as with many subjects i find myself scribbling about, i am no expert in such matters, so i must defer to those of greater experience. in this case, that expert is italian-based scotsman, james lamont, a gent with a wealth of experience in garment technology and currently senior vice-president of innovation and research and development with fu hsun, supplier of fabrics to the world's major sportwear brands for more than fifty years.

the concerns most of us have predominantly rests with the efficacy of the durable water repellency or dwr coating applied to many weatherproof garments currently available. according to the folks in gore's technology plant at livingston in scotland, the comment was always "Anyone can make e- PTFE. Sticking it to a face fabric is the hard thing." and there is no real doubt that the efficacy of this dwr coating is not permanent; we doubtless all own waterproof jackets that seem lately to have become simply jackets, no longer keeping the ingress of precipitation at bay.

according to my friend james "DWR's normal spec is 30/80. So, as you now know, the D in DWR is sort of a misnomer. Yet the average gym wear garment might only get washed once a week, and worn once or twice. So 30 washes might take longer than the average use before they buy the new colour.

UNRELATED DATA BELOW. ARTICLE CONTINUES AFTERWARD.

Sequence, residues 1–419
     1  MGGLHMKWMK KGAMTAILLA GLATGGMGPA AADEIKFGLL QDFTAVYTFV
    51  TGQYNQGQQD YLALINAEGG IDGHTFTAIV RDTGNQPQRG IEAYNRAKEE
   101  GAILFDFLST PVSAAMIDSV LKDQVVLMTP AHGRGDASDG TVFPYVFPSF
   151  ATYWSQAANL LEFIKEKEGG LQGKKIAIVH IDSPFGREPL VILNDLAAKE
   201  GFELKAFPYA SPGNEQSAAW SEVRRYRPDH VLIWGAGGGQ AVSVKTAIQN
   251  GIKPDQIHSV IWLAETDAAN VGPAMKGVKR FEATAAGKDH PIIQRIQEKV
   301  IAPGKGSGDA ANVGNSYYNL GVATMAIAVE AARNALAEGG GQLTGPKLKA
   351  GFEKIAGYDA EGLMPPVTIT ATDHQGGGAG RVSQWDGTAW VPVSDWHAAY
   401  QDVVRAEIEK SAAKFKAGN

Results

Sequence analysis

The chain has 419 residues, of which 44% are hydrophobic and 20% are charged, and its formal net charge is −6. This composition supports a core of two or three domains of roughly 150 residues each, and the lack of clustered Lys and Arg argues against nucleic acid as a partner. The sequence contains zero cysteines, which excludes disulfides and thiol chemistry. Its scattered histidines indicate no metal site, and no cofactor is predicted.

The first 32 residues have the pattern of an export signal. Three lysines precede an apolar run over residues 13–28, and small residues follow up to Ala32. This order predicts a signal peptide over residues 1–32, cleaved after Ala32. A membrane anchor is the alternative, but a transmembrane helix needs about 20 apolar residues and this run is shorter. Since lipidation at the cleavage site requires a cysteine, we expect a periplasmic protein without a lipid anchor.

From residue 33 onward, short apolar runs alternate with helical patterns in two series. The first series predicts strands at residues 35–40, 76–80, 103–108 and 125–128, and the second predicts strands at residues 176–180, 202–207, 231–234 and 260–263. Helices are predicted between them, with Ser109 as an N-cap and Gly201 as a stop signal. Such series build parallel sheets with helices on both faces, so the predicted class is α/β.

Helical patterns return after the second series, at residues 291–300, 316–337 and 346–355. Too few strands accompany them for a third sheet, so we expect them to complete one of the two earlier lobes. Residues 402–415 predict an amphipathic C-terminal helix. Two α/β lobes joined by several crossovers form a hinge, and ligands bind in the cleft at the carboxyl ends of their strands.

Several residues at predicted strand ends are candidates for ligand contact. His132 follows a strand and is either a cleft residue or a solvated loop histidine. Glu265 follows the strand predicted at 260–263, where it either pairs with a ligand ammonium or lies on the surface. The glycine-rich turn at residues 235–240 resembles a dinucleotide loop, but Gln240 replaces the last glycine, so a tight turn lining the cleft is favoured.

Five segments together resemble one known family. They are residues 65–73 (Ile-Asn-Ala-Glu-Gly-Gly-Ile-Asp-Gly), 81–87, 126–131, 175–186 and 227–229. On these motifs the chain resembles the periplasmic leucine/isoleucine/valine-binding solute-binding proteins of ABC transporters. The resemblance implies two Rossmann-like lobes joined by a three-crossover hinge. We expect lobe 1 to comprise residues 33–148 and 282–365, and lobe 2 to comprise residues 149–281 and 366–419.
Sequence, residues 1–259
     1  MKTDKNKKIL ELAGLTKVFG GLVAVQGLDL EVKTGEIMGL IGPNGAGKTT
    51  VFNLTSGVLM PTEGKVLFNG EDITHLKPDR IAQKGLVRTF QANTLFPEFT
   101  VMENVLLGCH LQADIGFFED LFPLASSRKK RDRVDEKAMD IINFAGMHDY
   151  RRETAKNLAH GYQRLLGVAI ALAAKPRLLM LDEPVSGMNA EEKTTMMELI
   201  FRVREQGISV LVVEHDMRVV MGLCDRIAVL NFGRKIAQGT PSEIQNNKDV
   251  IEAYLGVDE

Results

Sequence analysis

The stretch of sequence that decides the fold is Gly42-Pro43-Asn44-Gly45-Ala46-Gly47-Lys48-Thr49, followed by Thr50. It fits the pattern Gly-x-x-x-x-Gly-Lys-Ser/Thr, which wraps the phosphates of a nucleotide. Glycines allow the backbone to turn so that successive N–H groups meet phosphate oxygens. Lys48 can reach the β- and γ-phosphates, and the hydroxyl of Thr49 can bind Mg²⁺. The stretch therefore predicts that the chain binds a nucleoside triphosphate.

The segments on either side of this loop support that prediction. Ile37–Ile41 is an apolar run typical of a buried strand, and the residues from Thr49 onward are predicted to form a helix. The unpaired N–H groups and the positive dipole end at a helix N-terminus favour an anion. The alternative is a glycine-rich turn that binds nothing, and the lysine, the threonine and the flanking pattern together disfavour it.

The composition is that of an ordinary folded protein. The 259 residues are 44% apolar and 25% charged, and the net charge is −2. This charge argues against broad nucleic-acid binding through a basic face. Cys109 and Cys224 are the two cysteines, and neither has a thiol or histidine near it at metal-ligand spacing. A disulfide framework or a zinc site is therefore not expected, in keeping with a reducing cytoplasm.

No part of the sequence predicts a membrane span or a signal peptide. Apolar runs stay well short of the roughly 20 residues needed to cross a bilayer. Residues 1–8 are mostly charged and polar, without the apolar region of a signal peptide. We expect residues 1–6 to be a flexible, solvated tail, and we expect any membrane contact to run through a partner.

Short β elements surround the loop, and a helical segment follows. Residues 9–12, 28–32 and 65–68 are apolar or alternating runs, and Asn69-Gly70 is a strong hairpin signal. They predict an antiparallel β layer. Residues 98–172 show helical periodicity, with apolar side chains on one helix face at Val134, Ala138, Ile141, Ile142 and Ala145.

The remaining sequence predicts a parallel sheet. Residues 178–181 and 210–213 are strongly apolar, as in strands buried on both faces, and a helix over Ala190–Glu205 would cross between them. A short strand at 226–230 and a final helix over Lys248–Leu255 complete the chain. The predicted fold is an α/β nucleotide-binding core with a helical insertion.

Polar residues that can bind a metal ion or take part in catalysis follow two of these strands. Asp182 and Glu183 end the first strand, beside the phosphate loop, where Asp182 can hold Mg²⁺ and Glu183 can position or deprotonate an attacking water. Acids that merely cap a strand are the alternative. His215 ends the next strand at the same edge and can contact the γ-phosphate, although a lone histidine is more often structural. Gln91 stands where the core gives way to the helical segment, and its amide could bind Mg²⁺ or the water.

"Thirty washes and still 80% effective. It used to be 20/20! In the future, we hope to reach 80/80, but that's a bit further out."

it is rather helpful to have the problem, as we see it, quantified in this manner, mostly because it offers the chance to be more circumspect before throwing the contents of the laundry basket into an eagerly welcoming washing machine. but even here, there are misunderstood variables that may cloud both judgment and received knowledge.

i have, for many a long year, eschewed the large boxes of biological washing powder in the kitchen cupboard, in favour of my own small box of non-bio. i cannot take personal responsibility for this seemingly more ecological choice, as i was once informed that the biological variant could easily ruin a dwr coating over the course of a few washes. the same informant thus recommended that i wash my delicates in non-bio. it's the very nugget of knowledge that has the potential to become folklore, a standard we all live by without ever examining the truth of the matter. so while i had james' ear (so to speak), i asked him the question, 'bio or non-bio?'